while there may be a need for more transparency and oversight for government sponsored conferences and travel, there is a legitimate need for government employees to attend private educational conferences in order to work with the private sector on best practices and shaping public policy. Most members of Congress have understood and support this position….Senator Coburn’s office has indicated they are open to modifications, but they have not yet shared any amended language. In addition, in some meetings a few members of Congress have questioned why federal employees cannot participate in meetings through Skype or teleconference. We share with these offices the value of face-to-face meetings and how important in-person collaboration can be on so many issues, from food safety to national defense to low-income housing and many others.

Indeed, scientists—despite being stereotyped as non-communicators for years for staring at their feet when talking to nonscientists at parties and burying their heads in their computers in their offices–are actually very dependent on the face-to-face interactions at conferences, large and small. These days, e-mail and scientific journals help keep everyone up-to-date, but conferences are a chance to exchange ideas, form collaborations, and prevent larger wastes of effort, duplication, and fantastical hopes that can ensue when scientists hole up in their labs for too long. Science is a marketplace of ideas: pet theories can become blind alleys unless they are short-circuited by the dose of reality that a public presentation forces on investigators. In other cases the clash of opposing ideas festers unless face-to-face communication is possible, opening up opportunities for collaborative solutions. Conferences are much more than sitting in a room watching a presentation that could be delivered over the internet.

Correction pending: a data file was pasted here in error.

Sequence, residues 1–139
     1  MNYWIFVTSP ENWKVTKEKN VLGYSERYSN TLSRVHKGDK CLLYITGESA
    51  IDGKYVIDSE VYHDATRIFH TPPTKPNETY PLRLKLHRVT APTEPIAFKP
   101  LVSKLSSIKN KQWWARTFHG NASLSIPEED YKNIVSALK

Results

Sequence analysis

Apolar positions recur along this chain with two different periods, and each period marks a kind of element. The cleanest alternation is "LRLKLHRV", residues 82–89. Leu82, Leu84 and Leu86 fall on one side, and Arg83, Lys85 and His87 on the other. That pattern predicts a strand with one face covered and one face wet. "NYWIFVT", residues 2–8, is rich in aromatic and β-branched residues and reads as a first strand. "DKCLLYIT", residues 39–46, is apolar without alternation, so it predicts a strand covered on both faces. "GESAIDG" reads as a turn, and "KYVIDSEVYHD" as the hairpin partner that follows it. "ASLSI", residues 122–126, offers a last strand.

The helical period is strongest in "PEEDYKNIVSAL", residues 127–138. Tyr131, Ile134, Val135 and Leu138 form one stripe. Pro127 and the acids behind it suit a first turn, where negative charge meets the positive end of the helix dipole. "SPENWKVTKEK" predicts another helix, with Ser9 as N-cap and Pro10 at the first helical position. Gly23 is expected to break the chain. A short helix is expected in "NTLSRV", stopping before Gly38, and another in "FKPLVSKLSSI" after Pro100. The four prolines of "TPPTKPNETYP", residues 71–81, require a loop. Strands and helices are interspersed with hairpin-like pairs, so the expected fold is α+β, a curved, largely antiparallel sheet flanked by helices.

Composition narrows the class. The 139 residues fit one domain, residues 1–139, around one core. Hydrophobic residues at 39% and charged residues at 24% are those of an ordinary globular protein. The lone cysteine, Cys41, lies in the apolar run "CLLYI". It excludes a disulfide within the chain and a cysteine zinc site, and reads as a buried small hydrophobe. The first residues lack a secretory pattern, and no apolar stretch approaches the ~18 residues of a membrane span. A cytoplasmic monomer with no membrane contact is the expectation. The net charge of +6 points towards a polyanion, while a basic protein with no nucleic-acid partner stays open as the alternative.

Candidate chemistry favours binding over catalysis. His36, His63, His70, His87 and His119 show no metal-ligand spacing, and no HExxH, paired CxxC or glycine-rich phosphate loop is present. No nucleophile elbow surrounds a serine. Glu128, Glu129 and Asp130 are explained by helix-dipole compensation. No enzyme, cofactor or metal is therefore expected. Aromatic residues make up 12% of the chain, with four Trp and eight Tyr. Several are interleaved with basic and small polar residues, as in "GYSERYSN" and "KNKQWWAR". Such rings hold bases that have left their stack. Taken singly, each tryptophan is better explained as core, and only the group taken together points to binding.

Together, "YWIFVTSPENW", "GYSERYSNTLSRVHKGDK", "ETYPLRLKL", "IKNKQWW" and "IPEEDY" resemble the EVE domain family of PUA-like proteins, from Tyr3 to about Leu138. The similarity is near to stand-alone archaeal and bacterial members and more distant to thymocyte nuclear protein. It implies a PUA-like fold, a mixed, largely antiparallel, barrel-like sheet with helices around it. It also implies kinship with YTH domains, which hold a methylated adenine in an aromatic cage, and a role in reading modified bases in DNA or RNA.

ASAE has a great tip-sheet on the value of meetings. It points out that in business, the health of companies depends on travel and personal interaction with clients. Given that science is the engine of innovation in an increasingly technologically dependent world, it’s safe to say that the nation’s long-term economic and environmental health will continue to need busy scientists–including government scientists–to get out of their offices and into conferences together.